Palavras-chave: Serrasalmus, piranha, reprodução, invasão, colonização.


 

 

INTRODUCTION

Information on breeding behavior of piranhas comes either from second-hand accounts or from reports on a few species successfully bred in captivity by aquarists. Thus, there is uncertainty concerning species identification, which is not an easy task even for systematists (Leão, 1996). Parental care in piranhas is practiced by male alone, female alone, both parents, and even no form of parental care has been reported (Braker, 1963; Ledecky, 1966; Kemper & Schreiner, 1971; Bebronne, 1982; Azuma, 1990). Piranhas have a defined although prolonged spawning season, beginning at the onset of the floods (Bonetto et al., 1968; Leão, 1985; Nico & Taphorn, 1986; Machado-Allison, 1987; Agostinho, 1997).

Construction of the Itaipu Dam, impounded in November 1982, 150 km downstream from Sete Quedas Falls, resulted in the drowning of that natural geographic barrier, with consequent mixing of the fish faunas. Serrasalmus marginatus, a species that had been restrict to the river segment downstream from Sete Quedas, invaded the Upper Paraná River. The description of the invasion process and the reaction of the resident species is analyzed by Agostinho & Júlio-Jr. (subm.). In this study the reproductive activity of S. spilopleura and S. marginatus was analyzed so as to answer the following questions: i) Is the reproduction activity of these species similar into the floodplain system? ii) Did the invader species alter the pattern of reproductive activity of the native species?

 

METHODS

Collections were made monthly during the periods of 1986-1988 and 1992-1994, on the floodplain of the Upper Paraná River (22o40'-22o50'S; 53o10'-53o40'W), situated 230 km upstream the Itaipu dam. Sampling floodplain includes numerous temporary and permanent lakes. Collections were carried out in ten stations, grouped in three types of environments: lagoons (Fechada, Guaraná, Patos, and Pousada das Garças), channels and arms of the rivers (Curutuba Channel, Baía I and Baía II), and rivers (Paraná, Ipoitã and Ivinheima) (Fig. 1).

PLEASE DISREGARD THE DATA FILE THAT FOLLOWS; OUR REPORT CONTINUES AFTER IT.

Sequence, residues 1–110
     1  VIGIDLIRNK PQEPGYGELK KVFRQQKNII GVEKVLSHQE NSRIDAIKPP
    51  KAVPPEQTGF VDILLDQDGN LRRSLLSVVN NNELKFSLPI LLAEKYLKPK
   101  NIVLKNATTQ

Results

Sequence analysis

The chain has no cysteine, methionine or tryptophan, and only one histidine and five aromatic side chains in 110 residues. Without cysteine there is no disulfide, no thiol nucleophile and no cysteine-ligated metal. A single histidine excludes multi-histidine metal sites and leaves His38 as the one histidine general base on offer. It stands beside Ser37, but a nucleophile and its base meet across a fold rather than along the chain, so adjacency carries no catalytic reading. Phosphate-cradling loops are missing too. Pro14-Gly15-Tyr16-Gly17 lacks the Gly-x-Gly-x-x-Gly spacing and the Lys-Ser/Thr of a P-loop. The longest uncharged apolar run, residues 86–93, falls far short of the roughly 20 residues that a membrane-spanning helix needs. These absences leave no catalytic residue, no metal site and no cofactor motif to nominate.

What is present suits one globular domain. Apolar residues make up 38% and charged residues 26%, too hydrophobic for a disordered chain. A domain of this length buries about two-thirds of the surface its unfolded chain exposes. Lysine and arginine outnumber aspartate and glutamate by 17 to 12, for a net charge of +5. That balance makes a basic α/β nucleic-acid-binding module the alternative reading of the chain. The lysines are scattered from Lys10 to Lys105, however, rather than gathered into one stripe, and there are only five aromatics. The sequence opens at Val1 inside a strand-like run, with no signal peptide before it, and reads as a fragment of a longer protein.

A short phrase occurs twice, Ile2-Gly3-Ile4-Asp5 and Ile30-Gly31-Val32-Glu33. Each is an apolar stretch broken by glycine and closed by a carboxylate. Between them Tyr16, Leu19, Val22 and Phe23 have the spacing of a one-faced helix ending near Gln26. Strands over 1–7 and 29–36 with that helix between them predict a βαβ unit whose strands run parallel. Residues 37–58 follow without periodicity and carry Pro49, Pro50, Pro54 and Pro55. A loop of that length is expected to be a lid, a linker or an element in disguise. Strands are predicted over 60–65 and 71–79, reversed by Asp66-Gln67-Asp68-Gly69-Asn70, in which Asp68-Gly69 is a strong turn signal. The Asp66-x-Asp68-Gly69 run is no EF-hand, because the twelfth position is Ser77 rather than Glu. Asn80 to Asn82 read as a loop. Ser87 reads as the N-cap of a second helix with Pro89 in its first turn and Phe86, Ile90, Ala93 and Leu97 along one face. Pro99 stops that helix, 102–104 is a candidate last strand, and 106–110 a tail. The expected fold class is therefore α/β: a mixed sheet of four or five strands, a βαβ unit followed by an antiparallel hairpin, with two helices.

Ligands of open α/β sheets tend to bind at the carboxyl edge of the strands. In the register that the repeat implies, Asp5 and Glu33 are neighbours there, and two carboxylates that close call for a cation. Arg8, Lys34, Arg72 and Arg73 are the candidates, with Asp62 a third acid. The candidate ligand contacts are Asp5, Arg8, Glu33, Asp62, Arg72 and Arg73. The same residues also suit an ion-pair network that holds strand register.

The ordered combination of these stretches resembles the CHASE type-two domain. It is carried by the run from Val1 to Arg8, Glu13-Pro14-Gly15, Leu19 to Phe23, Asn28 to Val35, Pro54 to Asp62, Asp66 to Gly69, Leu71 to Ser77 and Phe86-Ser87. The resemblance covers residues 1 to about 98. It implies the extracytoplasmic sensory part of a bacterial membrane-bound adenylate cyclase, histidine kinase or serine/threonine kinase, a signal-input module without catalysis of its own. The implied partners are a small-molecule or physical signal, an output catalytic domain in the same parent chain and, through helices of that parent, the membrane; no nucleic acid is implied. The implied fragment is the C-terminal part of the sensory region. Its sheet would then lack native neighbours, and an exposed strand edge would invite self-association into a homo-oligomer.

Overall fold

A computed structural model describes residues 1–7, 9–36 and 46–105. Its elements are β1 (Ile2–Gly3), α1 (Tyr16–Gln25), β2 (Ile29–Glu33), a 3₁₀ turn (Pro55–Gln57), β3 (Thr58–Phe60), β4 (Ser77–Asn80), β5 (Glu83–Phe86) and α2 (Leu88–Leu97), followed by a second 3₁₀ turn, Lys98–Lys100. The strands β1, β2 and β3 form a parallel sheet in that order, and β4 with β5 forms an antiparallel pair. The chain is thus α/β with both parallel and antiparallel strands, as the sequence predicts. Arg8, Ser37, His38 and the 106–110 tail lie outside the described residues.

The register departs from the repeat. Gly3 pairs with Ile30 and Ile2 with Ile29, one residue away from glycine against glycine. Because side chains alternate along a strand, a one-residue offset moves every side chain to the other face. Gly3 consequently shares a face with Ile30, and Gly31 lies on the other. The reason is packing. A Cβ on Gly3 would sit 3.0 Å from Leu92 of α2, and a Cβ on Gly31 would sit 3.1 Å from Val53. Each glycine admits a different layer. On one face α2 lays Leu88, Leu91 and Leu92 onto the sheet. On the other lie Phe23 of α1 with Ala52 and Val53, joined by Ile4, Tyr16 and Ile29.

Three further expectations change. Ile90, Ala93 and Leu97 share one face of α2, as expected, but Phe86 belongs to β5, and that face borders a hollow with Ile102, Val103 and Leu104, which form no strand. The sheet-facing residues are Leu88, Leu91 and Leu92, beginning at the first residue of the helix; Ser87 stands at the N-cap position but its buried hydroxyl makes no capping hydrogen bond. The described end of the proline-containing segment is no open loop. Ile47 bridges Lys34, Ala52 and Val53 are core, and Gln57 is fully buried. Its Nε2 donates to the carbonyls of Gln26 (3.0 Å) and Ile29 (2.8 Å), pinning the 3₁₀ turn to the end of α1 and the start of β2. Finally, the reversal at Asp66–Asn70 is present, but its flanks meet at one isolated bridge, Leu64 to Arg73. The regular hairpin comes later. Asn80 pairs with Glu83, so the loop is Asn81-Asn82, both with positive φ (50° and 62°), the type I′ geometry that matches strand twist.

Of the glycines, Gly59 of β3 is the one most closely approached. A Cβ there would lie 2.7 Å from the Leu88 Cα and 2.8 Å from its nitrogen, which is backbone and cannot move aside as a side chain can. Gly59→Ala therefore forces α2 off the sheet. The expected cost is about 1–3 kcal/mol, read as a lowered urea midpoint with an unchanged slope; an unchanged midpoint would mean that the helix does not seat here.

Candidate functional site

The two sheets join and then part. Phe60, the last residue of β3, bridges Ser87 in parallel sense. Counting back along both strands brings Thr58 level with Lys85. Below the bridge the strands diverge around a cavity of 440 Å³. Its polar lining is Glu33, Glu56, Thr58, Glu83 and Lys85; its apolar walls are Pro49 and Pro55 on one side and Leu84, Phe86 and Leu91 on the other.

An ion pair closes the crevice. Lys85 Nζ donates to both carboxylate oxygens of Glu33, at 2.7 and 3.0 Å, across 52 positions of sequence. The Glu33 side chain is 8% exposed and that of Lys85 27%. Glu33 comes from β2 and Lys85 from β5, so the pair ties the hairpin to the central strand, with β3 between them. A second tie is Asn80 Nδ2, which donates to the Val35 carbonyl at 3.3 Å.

Nylon gill nets were 1.7 m tall x 20.0 m long, with meshes of 3, 4, 5, 6, 7, 8, 10, 12, 14, and 16 cm (stretched measure). Nets were fished at the surface for 24 h periods at each site, once per month: the fish were removed every 8 hours. In 1992-93 the catch was removed every 4 hour. Abundance of sampled specimens was expressed by capture per unit effort (number of individuals in 1000 m2 of gillnet per 24 h).

Following capture, fishes were transported to a field laboratory where they were identified and labeled according to capture place and date. The following information was recorded for each specimen: total (LT) and standard length (LS) to the nearest 1 mm, and total weight (Wt) to the nearest 0.01 g. A ventral incision was made to expose gonads for macroscopic determination of sex and gonadal development stage. The latter was determined according to macroscopic characteristics such as transparency, irrigation, color, and in females, the presence of intraovarian oocytes visible to the naked eye. The following stages were established: stage I (immature or virgin), II (maturing), III (mature), IV (spent) and V (resting). Fish in immature gonadal stages were considered as immature, and fish with gonads in all other stage as adult. Gonads were removed and weighed wet (Wg) to the nearest 0.01 g. Gonad weight was recorded only in 1986-88. Reproductive activity was analyzed using the Index of the Reproductive Activity (IRA) (Agostinho et al., 1991), given by the formula: